by Barbara Hort, PhD.
How do we find our way when we have lost it? More importantly, how do we find the way we have lost, when we’ve never known it to begin with? And finally, how do we find our way when there are powerful forces — society, family, habit, and love — that draw us away from the path we are destined to walk?
In 1890, Charlotte Perkins Gilman attempted to answer these questions in her deft little tale, The Yellow Wallpaper. The story looks supernatural to many of its readers, as Sue Mach’s play looks supernatural to many of its viewers. But in fact, both the book and the play are eerily resonant with the very real experiences of we who have attempted to find our lost ways in life.
Of course, few of us are born with a clear vision of our destined path. But some of us encounter a daunting number of obstacles and obfuscations between ourselves and the path we want to walk. Perkins, for example, was born a woman in the late 19th century, a time when her artistic nature and mystical gifts were in stark opposition to the docile life of constraint that she was expected to live.
Gilman’s fierce psyche responded to the repressive dictates of her marriage and her culture by sending her into a severe depression, much as a caged wild animal is inclined to curl up despondently in the corner of its pen. The “rest cure” prescribed by Dr. Weir Mitchell, which corresponded to the autocratic medical approach of that era (an approach that still prevails in much of physical and psychological medicine), only exacerbated Gilman’s misery. Her penned animal began to circle its cage and tear out its fur.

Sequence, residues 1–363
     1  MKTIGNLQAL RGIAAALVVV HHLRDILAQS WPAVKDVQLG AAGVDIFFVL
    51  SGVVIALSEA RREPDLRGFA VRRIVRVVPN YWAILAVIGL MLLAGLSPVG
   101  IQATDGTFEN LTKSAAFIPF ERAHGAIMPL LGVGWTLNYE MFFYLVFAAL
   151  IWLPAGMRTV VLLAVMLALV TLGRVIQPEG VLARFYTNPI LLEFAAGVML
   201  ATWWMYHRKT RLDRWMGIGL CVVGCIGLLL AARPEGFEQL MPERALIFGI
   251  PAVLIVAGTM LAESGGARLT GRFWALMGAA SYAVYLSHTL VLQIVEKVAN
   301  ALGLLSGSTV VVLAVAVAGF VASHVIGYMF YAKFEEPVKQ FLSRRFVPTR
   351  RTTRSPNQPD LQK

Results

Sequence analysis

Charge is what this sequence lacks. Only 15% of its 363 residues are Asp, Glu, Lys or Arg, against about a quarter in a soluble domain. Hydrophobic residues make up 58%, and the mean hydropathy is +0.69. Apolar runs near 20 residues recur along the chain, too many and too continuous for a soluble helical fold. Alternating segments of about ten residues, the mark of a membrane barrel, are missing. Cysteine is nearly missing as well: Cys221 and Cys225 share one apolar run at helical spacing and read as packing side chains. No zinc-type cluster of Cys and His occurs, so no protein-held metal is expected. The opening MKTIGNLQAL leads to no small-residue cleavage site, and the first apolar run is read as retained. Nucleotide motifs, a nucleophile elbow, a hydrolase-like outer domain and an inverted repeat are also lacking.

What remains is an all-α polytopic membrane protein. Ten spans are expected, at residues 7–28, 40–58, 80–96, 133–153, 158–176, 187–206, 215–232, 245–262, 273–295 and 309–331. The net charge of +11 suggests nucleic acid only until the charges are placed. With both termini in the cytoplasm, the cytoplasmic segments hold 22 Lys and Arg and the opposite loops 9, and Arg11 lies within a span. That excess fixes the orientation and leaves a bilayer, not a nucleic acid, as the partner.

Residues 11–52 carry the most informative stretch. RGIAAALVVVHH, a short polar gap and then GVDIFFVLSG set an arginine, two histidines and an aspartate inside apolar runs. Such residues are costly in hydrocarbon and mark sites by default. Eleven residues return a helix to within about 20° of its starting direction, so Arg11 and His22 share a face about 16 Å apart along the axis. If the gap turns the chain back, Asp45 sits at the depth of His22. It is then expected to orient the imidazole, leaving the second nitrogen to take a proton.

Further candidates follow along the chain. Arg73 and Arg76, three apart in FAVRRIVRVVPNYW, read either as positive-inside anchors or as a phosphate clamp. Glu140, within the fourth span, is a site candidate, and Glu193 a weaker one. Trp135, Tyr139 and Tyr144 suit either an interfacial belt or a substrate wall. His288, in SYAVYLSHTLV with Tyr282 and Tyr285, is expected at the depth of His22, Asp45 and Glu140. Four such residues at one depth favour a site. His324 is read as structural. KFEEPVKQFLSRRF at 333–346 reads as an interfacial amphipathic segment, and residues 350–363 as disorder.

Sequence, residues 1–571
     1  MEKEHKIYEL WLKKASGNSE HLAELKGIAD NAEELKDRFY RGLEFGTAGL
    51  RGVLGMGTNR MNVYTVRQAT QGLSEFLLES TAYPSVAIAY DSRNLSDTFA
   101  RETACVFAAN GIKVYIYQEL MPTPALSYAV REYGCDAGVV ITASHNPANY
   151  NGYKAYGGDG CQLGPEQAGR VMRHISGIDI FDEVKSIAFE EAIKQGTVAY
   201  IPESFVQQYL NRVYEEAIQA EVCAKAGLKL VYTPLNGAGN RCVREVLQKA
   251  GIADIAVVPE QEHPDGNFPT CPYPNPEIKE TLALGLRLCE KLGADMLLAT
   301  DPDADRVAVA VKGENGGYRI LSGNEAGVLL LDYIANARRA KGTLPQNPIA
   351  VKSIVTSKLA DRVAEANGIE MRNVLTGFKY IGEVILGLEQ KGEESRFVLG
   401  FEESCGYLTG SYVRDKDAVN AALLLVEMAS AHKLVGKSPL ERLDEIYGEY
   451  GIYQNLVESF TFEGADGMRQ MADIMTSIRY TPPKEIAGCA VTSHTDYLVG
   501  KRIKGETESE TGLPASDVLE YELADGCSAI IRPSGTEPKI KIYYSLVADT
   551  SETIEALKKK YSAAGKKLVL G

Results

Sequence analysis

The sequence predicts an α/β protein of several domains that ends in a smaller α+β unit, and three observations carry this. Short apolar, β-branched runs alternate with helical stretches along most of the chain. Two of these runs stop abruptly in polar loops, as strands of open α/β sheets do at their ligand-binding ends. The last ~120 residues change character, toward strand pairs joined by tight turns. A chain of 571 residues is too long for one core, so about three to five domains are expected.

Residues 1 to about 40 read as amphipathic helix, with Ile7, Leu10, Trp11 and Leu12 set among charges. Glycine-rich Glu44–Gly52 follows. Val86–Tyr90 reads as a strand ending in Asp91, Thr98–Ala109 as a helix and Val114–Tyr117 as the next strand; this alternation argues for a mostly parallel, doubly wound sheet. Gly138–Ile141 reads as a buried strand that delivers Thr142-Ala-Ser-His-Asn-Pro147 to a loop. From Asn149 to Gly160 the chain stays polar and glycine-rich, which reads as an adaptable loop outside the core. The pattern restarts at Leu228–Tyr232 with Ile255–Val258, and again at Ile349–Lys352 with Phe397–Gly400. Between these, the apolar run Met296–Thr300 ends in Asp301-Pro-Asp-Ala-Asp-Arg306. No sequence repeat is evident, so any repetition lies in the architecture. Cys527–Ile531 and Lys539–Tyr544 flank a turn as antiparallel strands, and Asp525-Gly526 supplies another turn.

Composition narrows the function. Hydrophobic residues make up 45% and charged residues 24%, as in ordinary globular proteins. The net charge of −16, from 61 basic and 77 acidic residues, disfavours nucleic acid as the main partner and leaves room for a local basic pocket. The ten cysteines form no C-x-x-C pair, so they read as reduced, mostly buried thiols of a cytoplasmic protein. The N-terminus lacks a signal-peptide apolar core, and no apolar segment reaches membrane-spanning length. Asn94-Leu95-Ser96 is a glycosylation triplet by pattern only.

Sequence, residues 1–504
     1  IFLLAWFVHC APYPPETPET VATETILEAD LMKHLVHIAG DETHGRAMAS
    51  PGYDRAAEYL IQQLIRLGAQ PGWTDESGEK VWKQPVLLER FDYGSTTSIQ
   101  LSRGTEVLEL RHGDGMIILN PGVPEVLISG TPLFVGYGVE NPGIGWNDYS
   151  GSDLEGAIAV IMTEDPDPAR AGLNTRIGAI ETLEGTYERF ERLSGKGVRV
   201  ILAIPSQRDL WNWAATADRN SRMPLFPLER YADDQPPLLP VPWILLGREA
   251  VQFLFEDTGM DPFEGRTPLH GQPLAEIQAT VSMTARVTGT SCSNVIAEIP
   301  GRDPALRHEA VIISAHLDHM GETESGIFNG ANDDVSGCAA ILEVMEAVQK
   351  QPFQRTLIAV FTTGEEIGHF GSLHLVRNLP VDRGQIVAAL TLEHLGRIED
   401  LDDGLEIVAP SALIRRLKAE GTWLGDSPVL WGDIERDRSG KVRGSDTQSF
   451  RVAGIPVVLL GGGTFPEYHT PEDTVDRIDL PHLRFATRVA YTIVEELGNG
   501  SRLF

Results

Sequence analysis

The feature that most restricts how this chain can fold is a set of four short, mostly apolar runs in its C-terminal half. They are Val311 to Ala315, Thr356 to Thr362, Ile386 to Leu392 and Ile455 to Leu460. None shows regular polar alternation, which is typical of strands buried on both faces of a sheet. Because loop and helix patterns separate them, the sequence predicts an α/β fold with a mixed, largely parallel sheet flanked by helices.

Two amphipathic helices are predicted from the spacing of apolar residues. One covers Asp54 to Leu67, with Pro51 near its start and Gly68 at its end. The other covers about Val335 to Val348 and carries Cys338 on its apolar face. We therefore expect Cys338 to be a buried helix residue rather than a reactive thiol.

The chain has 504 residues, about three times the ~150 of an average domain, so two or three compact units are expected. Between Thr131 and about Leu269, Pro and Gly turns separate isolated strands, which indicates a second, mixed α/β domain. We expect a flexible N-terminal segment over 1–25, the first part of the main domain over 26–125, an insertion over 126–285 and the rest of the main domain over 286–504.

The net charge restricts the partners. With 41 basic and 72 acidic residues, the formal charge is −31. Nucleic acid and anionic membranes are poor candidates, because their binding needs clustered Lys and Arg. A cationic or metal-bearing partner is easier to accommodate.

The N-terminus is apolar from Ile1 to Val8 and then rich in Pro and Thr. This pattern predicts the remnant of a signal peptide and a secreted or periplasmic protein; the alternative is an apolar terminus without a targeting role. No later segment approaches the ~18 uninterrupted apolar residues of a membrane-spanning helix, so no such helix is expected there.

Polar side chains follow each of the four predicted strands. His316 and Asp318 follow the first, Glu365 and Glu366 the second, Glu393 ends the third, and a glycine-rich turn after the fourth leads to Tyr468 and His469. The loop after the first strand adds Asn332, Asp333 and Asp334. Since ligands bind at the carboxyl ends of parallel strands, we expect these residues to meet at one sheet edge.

In a person with less intellectual and creative energy, this repression may have led to a complete shutdown of life force — the state that psychologists call “catatonia” — or even to literal death. But Charlotte Gilmore was “an animal of the highest order”…with the emphasis on animal. When Gilmore’s mind was immobilized by the “cure” of Dr. Weir Mitchell and her collusive husband, her animal instincts erupted to effect her rescue. How did this happen?
In the human psyche, there is an elegant dance between the primal, life-giving forces that the Swiss psychoanalyst Carl Jung called the archetypes, and the containing structure that he called the ego. You might think of archetypes as the rainbow of energies that are our innate birthright — the full spectrum of our human instincts, refined to a nearly infinite number of hues and intensities. These archetypal energies blaze through us, much as electricity blazes through the wires that carry it. And those wires represent what Jung called the ego.
Now, you can imagine that if the wires of ego are too thick and resistant, containing too many blocks and dampers, the archetypal energy can’t stream through them and no light will shine. But if the archetypal electricity is too powerful for the thin wires of a weak ego, the circuits will short out, the wires will incinerate, and again, no light will shine.
We can imagine that Dr. Weir Mitchell had developed his “rest cure” after he treated some people whose archetypal electricity was enormous, but whose ego wires were minimal…or incinerated. He prescribed a container of treatment that was rather like a large dampening rod, grounding all the electricity that was flying around in a person’s psyche like a lightning storm, and subduing it until some ego wiring (that is, habits, thoughts, behaviors, and structure) could be re-established.
But for a woman like Charlotte Gilmore, someone whose wiring was probably quite sufficient, but whose light was simply shining too brightly by the standards that were dictated for women in her time, Dr. Weir Mitchell’s “cure” was a devastating torment. Deprived of every means for creative expression, the archetypal energies of Gillmore’s psyche began to seethe and amplify. In the exquisite manner of any artistic soul that seeks to survive, Gillmore’s psyche began to deploy the tools of association (“It makes me think of all the yellow things I ever saw—not beautiful ones like buttercups, but old foul, bad yellow things.”), synesthesia (“that yellow smell!”), dissociation and projection (hunting, finding, and dancing with her “other, separate self”), and regression (becoming “an animal of the highest order!”) in order to avoid her demise.